Rumor has it the place to grow sweet corn is in a farm field. Backyard gardens, the reasoning goes, generally are not large enough to make the harvest worth it, and pollination problems are likely with small plantings.
Well, ’tain’t necessarily so. By choosing varieties with care, providing good growing conditions and using a few special tricks, you can harvest one ear of the best-tasting corn imaginable for each square foot planted.
Variety selection is important for scrumptious sweet corn. If space is at a premium, grow varieties — Golden Midget, Earlivee and Quickie, for example — that ripen quickly and have shorter stalks.
But also choose varieties for flavor. Yellow corns generally have “cornier” flavor, white corns a purer sweetness. Varieties such as Honey & Cream and Bodacious pack both yellow and white kernels into each of their ears. My favorite? Golden Bantam.
No need for garden space to be devoted only to corn. Before the corn goes in, while temperatures were still cool, you could have planted radishes, leaf lettuce, spinach, arugula and other quick maturing vegetables that enjoy cool weather. At the other end of the season, after corn harvest, you could plant bush beans, late cabbage or broccoli, as well as the vegetables mentioned to precede corn.
Getting corn in and out of the ground fast frees space for other vegetables. Corn varieties that mature quickly are one way to do this, but avoid growing only early maturing varieties because their flavor generally is not as good as that of longer ripening varieties.
You also could get your corn in and out quicker by planting seeds in 3-inch pots, and letting plants spend three to four weeks growing in those pots rather than taking up space out in the garden.
Corn is a hungry plant that needs rich, moist soil and at least six hours per day of sunlight. Close planting without attention to soil and water results in nubbins rather than plump, well-filled ears. So add plenty of compost to the soil along with a high nitrogen fertilizer, such as 2 pounds of soybean meal per hundred square feet.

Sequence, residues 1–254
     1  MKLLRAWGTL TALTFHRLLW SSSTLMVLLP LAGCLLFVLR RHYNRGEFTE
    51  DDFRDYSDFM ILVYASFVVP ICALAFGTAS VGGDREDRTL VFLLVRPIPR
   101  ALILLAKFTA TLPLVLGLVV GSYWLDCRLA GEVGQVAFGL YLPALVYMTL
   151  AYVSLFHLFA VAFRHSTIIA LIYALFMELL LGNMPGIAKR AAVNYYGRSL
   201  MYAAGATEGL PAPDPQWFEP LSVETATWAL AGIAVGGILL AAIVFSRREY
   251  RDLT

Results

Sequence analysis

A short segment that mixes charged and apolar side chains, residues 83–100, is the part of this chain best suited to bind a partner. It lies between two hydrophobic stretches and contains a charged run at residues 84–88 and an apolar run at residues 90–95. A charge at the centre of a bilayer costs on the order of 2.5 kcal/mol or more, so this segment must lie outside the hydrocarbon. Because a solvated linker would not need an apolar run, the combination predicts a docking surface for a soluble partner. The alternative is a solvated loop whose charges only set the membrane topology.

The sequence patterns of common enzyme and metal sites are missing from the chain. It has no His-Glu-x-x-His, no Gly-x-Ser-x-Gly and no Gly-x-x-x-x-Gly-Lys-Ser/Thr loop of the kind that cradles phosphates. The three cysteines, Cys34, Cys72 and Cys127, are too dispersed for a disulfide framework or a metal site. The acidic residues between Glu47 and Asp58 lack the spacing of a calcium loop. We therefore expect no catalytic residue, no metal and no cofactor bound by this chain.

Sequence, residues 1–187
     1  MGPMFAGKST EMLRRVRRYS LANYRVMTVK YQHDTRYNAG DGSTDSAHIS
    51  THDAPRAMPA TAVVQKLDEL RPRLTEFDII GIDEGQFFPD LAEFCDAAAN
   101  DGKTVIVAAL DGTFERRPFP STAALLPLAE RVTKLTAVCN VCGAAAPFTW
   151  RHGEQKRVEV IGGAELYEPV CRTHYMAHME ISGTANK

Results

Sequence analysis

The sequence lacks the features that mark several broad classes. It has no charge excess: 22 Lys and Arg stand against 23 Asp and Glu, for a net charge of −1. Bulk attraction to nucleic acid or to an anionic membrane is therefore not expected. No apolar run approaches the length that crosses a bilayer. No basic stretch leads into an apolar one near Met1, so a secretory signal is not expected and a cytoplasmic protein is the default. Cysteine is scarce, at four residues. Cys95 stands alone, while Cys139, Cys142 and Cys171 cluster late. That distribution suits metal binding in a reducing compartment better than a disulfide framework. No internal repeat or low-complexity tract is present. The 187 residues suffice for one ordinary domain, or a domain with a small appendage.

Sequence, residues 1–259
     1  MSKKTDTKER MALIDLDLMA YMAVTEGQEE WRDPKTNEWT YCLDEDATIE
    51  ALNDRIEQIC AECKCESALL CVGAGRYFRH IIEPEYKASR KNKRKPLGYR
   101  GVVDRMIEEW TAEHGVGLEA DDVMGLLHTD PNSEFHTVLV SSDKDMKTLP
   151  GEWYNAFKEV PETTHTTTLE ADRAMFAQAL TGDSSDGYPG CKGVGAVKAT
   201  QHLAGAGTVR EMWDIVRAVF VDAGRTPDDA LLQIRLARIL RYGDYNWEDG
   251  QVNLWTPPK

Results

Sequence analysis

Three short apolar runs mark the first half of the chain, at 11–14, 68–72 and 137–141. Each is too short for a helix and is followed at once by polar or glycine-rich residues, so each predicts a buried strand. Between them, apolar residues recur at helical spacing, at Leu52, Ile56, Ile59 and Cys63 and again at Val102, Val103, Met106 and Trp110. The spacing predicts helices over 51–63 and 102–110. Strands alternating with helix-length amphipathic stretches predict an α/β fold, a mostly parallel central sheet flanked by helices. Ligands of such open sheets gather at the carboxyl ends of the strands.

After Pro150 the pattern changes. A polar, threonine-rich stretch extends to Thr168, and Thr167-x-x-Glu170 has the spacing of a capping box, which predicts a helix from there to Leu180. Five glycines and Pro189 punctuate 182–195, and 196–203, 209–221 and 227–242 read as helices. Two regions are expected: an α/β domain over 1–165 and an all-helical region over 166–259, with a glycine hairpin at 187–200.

For close planting, grow corn in double rows of “hills,” a hill being a cluster of three or four plants. Hills ensure good pollination. Space each row of that double row 2 feet apart, with 2 feet between hills. You won’t be able to walk between the double row, but you can harvest from each side. If you garden in beds, just plant two or more rows of hills down the length of each of your beds.
Once up and growing, corn needs little but regular care. Keep weeds at bay with shallow hoeing or by smothering them beneath a thick mulch of some organic material such as leaves, straw or compost. Mulch also conserves water, which you should supplement during dry spells so that plants receive the equivalent of about an inch of water per week. Measure water from a sprinkler or rainfall into a straight sided container, such as a coffee can.
Avoid “worms” that sometimes burrow into the tips of the ears by cutting off the silks as soon as they start to dry, or by putting a few drops of vegetable oil on those silks. Or do nothing, and just break off the wormy tip before you eat the corn.
TAKE A BITE
Two to three months after planting comes your reward. Timely harvest is all-important for the best-tasting sweet corn. Start your countdown when silks first show at the tips of the ears; expect to eat those ears about 3 weeks later.
When ready for harvest, an ear looks and feels full, and its silks have browned but are not yet brittle. If you are inexperienced at harvesting corn, pull back the husk to check that the kernels are plump and ooze a milky juice when pressed with a fingernail.
Pull down on a ripe ear to rip it from its stalk, then take a bite right away or bring it to the kitchen for cooking. Either way, each bite will be a reminder that sweet corn is worth growing in the backyard.